Jessie Ditillo, a student at St. Mary’s College of Maryland, paddles her kayak in the St. Mary’s River. The river and St. Mary’s students are about to become better acquainted. (Photo by James A. Parcell/For The Washington Post)

Then, an alumnus of this sailing-intensive school had an idea: Put them in a cruise ship.

The Sea Voyager, described on this Web site as having three bars, a restaurant and a gift shop, was on the block, and it was being moved from Maine to Virginia.

St. Mary’s President Joseph Urgo made some phone calls. The Sea Voyager is now headed to his campus, where it will serve as off-shore dormitory space for 250 students until the end of the semester.

“Over the years we have often joked, Wouldn’t it be great to have an off-shore residence hall,” Urgo said.

The ship is entering the Chesapeake Bay this morning and should reach historic St. Mary’s by Friday morning. Then there is the matter of docking it. A small college dock may prove inadequate, but a larger dock maintained by Historic St. Mary’s City should suffice. If all goes well, students will board the vessel Friday night.

Students complained of mold from the start of the fall semester. A close inspection revealed a systemic problem with the heating, ventilation and air-conditioning system, which was leaking water into pipes, spawning mold. A physician declared the buildings unsafe. Repairs will take as long as a month.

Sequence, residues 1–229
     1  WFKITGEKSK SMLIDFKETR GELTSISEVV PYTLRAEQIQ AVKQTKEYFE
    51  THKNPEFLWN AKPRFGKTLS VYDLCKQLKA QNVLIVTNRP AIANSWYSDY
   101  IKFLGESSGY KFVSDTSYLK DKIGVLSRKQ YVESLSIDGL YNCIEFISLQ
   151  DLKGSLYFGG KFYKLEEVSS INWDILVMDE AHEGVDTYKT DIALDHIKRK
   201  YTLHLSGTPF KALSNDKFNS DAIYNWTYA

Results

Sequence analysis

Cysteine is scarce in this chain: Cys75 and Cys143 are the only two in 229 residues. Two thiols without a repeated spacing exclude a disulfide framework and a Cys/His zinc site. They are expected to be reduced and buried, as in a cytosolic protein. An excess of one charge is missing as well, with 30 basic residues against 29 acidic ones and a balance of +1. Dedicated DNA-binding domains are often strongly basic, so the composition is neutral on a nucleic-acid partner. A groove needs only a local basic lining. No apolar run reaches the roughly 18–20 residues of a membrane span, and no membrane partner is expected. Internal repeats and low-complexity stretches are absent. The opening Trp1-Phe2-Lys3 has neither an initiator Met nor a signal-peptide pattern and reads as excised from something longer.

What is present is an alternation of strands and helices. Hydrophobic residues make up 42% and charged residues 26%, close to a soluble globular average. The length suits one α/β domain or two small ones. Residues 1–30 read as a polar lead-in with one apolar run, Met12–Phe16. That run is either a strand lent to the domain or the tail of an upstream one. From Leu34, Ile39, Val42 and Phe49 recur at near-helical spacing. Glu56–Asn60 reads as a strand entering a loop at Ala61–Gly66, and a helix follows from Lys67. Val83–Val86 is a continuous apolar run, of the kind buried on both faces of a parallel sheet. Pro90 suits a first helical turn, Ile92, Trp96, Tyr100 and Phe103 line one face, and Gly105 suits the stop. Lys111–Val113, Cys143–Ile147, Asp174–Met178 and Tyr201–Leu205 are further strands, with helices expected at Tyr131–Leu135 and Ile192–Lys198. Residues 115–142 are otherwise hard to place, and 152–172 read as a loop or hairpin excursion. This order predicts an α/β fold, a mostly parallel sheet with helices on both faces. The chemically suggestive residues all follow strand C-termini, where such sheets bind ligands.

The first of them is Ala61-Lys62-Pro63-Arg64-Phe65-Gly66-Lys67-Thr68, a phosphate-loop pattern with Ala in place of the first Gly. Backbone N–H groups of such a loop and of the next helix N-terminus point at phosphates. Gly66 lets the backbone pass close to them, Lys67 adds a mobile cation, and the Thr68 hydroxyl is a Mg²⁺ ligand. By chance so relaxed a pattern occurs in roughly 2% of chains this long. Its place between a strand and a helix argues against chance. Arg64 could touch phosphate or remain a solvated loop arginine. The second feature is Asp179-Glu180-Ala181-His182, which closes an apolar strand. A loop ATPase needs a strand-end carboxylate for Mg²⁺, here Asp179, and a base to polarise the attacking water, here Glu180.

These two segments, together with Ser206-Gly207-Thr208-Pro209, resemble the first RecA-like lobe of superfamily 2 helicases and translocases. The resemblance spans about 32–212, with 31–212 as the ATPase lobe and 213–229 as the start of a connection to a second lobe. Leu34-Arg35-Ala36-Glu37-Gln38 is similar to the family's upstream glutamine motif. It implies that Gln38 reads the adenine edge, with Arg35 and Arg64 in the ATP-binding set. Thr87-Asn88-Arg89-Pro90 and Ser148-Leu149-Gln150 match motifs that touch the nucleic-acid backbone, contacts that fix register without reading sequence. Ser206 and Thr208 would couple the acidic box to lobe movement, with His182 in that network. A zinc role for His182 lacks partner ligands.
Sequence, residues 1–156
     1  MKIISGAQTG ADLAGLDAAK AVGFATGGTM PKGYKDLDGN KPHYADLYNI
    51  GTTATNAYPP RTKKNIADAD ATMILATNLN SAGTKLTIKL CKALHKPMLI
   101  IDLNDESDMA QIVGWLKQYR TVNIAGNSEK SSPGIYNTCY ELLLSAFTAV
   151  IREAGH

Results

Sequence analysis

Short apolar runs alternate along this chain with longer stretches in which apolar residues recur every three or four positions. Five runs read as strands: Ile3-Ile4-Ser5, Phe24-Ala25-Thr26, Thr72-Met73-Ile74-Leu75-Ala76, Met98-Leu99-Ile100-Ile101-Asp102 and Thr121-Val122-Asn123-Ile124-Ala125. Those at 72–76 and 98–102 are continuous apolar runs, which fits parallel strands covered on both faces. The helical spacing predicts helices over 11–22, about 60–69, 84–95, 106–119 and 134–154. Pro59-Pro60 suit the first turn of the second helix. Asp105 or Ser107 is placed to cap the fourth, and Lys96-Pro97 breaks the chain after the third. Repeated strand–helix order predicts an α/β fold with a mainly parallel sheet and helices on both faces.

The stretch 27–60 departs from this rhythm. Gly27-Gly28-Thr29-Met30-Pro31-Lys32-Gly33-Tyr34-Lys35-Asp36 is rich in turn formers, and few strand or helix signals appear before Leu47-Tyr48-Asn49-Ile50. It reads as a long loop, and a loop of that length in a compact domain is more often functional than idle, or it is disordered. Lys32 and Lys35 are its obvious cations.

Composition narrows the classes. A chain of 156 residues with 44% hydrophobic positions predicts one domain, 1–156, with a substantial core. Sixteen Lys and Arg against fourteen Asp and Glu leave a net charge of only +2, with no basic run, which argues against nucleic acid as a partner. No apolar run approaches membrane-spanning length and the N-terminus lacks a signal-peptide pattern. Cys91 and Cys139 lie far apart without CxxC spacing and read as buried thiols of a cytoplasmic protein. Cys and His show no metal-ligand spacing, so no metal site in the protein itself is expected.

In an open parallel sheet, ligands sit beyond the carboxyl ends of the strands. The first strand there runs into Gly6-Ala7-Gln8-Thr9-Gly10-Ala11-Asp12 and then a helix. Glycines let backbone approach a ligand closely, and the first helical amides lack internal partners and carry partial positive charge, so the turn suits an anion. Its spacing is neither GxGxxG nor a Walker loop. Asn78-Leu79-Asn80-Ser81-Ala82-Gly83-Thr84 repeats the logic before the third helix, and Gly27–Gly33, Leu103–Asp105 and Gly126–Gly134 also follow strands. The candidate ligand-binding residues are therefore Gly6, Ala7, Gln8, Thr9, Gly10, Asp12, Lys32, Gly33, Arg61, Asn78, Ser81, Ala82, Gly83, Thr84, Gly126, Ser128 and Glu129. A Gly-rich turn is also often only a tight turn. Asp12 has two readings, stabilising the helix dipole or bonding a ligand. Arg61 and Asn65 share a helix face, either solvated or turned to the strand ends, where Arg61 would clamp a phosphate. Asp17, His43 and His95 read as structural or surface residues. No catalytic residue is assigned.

Urgo evacuated the students from the buildings a week ago and put them in three nearby hotels. But there are few hotels near campus; the farthest is at Solomon’s Island, nearly 20 miles away, across an imposing bridge. The school offered round-the-clock shuttle service, but many students went home to get cars. Half of them are freshmen, relatively new to driving.

“There was a lot of late-night driving back and forth,” Urgo said. “I was really worried about them.”

Negotiations are not yet complete, but it appears that renting the cruise ship will cost about the same as the hotel rooms, which are setting the college back $20,000 a day. The funds will come from the school’s reserves.

A few students are fretful about the move amid preparations for papers and exams, but the overall reaction has been “jubilation, for the most part,” Urgo said.

“Their rooms will be a little bit smaller, but they’ll have full use of all the amenities on the ship, the ball room, the state room, the shuffleboard,” and linen service every three days.

This is still a ship, and some rooms are much nicer and larger than others. Urgo said some sort of lottery system may be devised to sort students fairly into rooms.

“As tempting as it is,” Urgo said, “we will not be taking the ship for a ride on weekends.” That would cost extra.